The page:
Artificial Intelligence in the Federal Government: How AI Might Affect Federal Managers

On September 25, 2019, FMA attended the Kalaris Intelligence conference at Georgetown University. Sponsored by Georgetown’s Center for Security Studies, the theme revolved around Artificial Intelligence (AI) and national security. For federal managers and their employees, AI has the potential to become a useful tool for gathering data, sifting through that data, and accomplishing long term goals in an effective manner. FMA attended to learn more about this emerging technology, how it is currently being used, and how it can be used in the future.

To begin the conference, Sue Gordon, former Principal Deputy Director of National Intelligence gave a keynote speech on the development of AI in the intelligence community. At the center of her speech was the need for federal agencies, and the intelligence community specifically, to acquire a diverse data set.  “Data owners are going to have to understand that they don’t actually own the data — it’s owned by the community. And we can define community, and we can define ever-expanding rings of community, but we’re going to have to figure that out,” She explained, “we’ve gotta get away from people thinking that because they were responsible for collecting it, they are the ones who get to determine how it’s used.” In addition, she said, “the people who are collecting data don’t get to decide how it is collected; it has to be collected with use in mind.” With future AI integration requiring massive data set sharing between federal agencies, managers can expect future policy to reflect an approach of collaboration between multiple departments. Therefore, data collected by the Department of Defense will move easily between it fellow departments such as the Department of Homeland Security.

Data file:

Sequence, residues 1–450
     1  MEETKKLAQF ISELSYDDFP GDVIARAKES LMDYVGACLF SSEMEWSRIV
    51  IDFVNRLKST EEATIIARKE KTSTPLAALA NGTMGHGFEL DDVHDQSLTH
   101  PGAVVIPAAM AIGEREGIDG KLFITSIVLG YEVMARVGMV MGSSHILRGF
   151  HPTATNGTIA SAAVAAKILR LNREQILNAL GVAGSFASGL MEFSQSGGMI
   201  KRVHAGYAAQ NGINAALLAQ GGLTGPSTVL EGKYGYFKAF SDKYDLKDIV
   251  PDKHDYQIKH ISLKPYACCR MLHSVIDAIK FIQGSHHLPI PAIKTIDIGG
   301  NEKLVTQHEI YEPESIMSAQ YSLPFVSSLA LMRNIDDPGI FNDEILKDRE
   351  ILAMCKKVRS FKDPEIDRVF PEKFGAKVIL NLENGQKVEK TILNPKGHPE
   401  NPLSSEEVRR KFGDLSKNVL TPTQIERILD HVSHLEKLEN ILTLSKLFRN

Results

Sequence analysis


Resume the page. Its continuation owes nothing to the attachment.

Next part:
Lieutenant General John Shanahan was the next keynote speaker. As the director of the Joint Artificial Intelligence Center, (JAIC) General Shanahan is responsible for accelerating the delivery of artificial intelligence-enabled capabilities, scaling the department-wide impact of AI and synchronizing AI activities.

Shanahan’s work at the Department of Defense can be used as a model for other departments and agencies looking to integrate AI into their work.  “It’s the big bang theory, you’ve got to create something out of nothing, which in the department of defense is never a trivial task,” he said. “A year ago, we had maybe ten people, I wasn’t even officially confirmed into the position. We had no money to speak of, we didn’t have a place to work out of as a team. A year into this we have almost 120 people including contractors. We have a very healthy budget for the next fiscal year.” When asked by the moderator where in ten years the most important applications of AI will be in the Department of Defense Shanahan had a quick reply. “Every aspect of the Department can be improved by AI.”

Through multiple speakers a talking point began to emerge: artificial intelligence has the potential to be a disruptive but practical tool for federal agencies. As AI fuses further into the daily work of feds, FMA will continue to advocate for common sense policies on behalf of managers and their employees.

The views reflected in this colunm are those of FMA and do not necesssarily represent the views of FEDmanager.

Posted in Hear it from FMA

Tags: Federal Managers Association, FMA



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